The International Brotherhood of Electrical Workers (IBEW) is speaking out against the proposed Champlain Hudson Power Express (CHP).
The union’s Local 97 has 14,000 members who work at electrical generation facilities in New York, and union officials fear the 1,000 MW HVDC line will hurt job prospects in upstate New York.
“We have power generators that are closing, that are struggling to stay in business,” Philip Wilcox, business representative for the union local, told TransmissionHub. “Their generation capacity is stranded upstate because we can’t move the power downstate where the load centers are.”
The CHP project would supply energy directly to New York City, which Wilcox said represents 54% of the demand in the state. Though there’s no argument that the power is needed, Wilcox said the line “is simply an extension cord that denies anyone [else] a chance to get on.”
The project’s developer, Transmission Developers, Inc., (TDI), doesn’t see the project as barring others. “We’re 1,000 MW in a 40,000 MW system in New York State,” TDI President and CEO Don Jessome told TransmissionHub. “Any one project that’s going to help the state of New York with its energy issues is not going to preclude any other project from going forward.”
While acknowledging that the state has significant congestion issues that make it difficult to transmit power long distances, Wilcox said the CHP “offer[s] a flawed solution to [a] problem that should be addressed in-state [and] should have been addressed years ago.”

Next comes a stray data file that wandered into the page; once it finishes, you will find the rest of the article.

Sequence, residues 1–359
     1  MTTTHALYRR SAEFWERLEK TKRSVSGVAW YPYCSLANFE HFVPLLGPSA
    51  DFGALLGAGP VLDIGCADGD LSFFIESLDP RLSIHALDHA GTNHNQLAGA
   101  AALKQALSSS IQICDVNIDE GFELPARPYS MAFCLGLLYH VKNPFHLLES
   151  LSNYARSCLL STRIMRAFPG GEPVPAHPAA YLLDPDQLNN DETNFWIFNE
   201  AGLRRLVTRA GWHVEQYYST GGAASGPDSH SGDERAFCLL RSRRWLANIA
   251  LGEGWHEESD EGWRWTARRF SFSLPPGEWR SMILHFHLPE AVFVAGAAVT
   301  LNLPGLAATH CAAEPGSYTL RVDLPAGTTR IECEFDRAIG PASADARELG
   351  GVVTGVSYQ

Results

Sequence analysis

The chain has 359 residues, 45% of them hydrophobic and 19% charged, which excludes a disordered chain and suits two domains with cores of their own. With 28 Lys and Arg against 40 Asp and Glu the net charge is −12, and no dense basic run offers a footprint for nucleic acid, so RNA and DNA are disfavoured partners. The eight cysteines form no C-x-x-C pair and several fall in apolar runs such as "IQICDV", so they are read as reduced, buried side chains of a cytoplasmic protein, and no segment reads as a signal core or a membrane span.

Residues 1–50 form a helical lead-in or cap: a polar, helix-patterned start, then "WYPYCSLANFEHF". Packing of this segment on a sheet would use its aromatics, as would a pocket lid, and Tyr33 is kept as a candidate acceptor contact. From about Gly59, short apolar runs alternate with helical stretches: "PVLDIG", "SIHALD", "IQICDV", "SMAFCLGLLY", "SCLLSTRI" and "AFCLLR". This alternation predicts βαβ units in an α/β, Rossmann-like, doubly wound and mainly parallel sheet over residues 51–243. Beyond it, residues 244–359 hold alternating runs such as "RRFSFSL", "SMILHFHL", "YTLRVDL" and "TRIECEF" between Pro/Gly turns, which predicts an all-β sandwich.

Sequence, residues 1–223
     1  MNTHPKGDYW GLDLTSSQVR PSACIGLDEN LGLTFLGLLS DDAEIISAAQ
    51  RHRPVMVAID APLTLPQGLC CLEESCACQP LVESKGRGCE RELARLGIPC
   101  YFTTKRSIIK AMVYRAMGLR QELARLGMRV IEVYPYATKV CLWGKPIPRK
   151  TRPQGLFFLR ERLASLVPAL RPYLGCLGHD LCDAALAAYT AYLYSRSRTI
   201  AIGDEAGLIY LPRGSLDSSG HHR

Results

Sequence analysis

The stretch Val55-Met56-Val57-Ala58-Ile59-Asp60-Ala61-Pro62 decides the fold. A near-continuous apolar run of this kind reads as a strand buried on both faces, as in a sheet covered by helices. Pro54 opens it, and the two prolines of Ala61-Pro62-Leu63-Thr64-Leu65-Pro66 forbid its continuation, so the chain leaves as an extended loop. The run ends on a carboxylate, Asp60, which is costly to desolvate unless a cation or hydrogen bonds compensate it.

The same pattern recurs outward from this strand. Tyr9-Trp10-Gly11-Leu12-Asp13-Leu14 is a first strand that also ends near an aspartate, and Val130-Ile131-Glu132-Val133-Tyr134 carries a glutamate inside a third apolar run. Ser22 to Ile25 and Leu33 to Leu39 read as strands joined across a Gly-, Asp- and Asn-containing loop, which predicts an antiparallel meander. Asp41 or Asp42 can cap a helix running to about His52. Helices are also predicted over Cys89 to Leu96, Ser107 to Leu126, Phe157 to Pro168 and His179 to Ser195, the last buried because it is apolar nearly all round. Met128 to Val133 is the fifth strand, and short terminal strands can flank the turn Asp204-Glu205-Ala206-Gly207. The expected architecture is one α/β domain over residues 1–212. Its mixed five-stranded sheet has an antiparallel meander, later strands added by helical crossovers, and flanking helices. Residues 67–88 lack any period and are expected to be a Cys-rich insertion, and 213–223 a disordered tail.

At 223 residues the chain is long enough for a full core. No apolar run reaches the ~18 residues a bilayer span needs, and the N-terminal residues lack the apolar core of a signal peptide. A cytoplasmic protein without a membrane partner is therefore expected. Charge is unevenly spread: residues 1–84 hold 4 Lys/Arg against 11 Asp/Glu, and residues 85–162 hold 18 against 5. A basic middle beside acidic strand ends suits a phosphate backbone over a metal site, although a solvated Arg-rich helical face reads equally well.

Instead, he said the focus should be on repairing and upgrading transmission lines in the state to enable in-state generators to sell their power to more distant load centers than is possible today.
“Every time a power project that imports power into the state occurs, it makes our state energy economy weaker and it makes the ability to finance our transmission upgrades more challenging,” Wilcox said.
A study issued by the Working Group for Investment in Reliable Economic Electric Systems (WIRES) in conjunction with The Brattle Group in May 2011 stated that every $1bn in U.S. transmission investment supports 13,000 full-time
Wilcox said if investor-owned utilities and agencies including the New York Power Authority, the New York Public Service Commission (PSC) and the New York ISO followed through on $4bn in potential transmission upgrades in New York, that could support up to 52,000 jobs, both directly and indirectly.
The $2bn CHP project will run 330 miles, take about four years to build, and will employ approximately 200 people.
The CHP’s developer and representatives of 29 state and local agencies, municipalities, and environmental groups have been talking behind closed doors since the fall of 2010 in an effort to reach agreement over the proposed line. The developer expects an agreement to be reached and filed with the PSC by Jan. 10
While acknowledging that the CHP is funded by private developers, Wilcox said: “It’s only there because New York has neglected its own problems for so long. It’s really an anti-competitive project. It sends a signal to New York power generators who were told they’d have a chance to compete.”
“We are just one project in a very large system and we support all the efforts of all the different projects that are being put forward, whether transmission, generation, or a combination thereof,” Jessome said.
The CHP project, Jessome continued, “is bringing in environmentally positive benefits to the state, it has consumer benefits of over $500m a year, it’s going to be a union project. To us, all of those state that this is a great project for the state of New York, and it’s just one of many projects that are going to be developed over a number of years to meet both current and future energy and capacity requirements.”
This article was updated with comments obtained from the developer on Dec. 29.